SportsWatch: Olympic officials uphold ban against athletes protesting on field or medal stand


Olympic athletes will not be allowed to take a knee, raise a fist or otherwise protest on fields of play or medal podiums, the International Olympic Committee said Wednesday, in an announcement upholding its current ban on political demonstrations.

Olympic athletes have long been prohibited from making political statements or protests at the Summer or Winter Games, but the IOC re-examined the issue in an 11-month study after a new wave of activist athletes have taken public stands on issues ranging from sexism to racism to human rights.

But to “protect the neutrality of sport,” the IOC said the rule will remain unchanged, after a poll of more than 3,500 athletes from 185 countries found 70% believed protests were inappropriate on the field of play, and 67% opposed protests on medal stands.

“The IOC AC is very concerned about the risk of politicisation of the athletes and the risk that athletes may be put under external pressure,” the organization said in a statement. “It is important to protect athletes from the potential consequences of being placed in a position where they may be forced to take a public position on a particular domestic or international issue, regardless of their beliefs.”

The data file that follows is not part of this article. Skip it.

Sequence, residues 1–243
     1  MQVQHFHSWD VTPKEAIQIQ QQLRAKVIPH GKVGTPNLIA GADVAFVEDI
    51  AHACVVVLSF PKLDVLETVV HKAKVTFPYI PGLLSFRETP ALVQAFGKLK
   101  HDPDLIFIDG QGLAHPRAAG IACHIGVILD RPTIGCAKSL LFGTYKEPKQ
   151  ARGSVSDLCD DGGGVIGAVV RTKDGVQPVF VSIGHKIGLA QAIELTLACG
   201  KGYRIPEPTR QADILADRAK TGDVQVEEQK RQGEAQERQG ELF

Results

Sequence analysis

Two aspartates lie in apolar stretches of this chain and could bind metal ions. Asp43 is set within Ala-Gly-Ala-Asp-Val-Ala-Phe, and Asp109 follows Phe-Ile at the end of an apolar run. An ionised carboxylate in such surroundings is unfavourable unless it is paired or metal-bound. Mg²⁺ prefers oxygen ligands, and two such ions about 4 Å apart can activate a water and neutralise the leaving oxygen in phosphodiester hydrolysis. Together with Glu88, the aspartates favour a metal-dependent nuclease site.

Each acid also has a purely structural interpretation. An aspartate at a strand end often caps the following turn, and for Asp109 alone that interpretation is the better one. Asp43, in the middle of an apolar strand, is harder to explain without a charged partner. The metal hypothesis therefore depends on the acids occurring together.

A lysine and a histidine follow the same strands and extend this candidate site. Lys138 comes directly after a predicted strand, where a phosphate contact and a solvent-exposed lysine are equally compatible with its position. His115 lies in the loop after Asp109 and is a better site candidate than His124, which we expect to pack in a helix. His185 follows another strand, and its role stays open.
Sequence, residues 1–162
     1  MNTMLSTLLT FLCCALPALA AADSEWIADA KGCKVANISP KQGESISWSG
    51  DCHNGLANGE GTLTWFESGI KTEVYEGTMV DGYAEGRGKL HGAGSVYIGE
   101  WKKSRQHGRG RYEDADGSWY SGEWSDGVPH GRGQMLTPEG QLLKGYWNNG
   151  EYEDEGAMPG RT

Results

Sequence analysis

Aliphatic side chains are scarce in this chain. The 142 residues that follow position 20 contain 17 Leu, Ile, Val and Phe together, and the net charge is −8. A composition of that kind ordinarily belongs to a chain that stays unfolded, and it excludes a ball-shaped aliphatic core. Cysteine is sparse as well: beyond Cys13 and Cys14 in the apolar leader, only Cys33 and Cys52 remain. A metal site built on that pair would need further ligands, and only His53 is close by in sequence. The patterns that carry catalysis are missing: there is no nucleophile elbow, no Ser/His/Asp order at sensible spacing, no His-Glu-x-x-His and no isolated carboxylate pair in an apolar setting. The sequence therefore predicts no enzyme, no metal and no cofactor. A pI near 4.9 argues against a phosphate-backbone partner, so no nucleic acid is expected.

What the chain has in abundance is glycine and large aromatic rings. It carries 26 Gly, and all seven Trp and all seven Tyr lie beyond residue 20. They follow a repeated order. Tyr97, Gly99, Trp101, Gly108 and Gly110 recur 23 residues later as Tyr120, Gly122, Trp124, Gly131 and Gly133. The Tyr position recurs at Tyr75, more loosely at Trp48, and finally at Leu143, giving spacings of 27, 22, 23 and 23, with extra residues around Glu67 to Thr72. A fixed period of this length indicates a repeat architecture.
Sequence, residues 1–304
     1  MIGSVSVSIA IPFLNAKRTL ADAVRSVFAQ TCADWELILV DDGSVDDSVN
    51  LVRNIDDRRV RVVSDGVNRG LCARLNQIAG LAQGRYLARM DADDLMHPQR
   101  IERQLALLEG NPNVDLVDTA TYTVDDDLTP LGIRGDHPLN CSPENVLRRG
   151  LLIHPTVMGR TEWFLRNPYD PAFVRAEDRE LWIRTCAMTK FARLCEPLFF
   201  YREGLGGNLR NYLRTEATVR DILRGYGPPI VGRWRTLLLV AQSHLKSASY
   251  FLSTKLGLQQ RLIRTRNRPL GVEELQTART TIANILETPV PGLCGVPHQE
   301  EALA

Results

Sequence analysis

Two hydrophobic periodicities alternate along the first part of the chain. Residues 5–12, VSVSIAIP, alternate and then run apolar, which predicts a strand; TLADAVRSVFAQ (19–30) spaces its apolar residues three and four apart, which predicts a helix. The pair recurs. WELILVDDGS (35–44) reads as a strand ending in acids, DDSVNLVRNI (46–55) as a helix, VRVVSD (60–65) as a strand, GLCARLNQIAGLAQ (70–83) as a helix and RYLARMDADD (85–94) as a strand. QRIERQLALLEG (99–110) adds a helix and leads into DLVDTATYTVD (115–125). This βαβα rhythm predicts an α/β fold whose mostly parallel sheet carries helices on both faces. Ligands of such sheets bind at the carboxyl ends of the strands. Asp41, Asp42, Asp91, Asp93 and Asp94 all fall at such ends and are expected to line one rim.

The IOC and its Athletes Commission said they are “fully supportive of the freedom of expression,” but said protests or political statements are more appropriate during press conferences and interviews, at team meetings, or on social media.

“The goal of this wide outreach was to engage with athletes and hear their thoughts on existing and new opportunities to express their views at the Olympic Games as well as outside Games time,” Kirsty Coventry, a former Olympic gold-medal-winning swimmer and current chair of the IOC Athletes Commission, said in a statement. “We want to amplify the voices of athletes, and find more ways to support the values of the Olympic Games and what sport stands for.”

The IOC did not specify how athletes would be punished or penalized if they protested anyway, only saying they would be handled on a case-by-case basis.

In December, the U.S. Olympic and Paralympic Committee said it would not punish athletes who peacefully protest social-justice issues at the Olympic Games.

The Summer Olympics in Tokyo, which were postponed by the pandemic last year, are scheduled to begin July 23.

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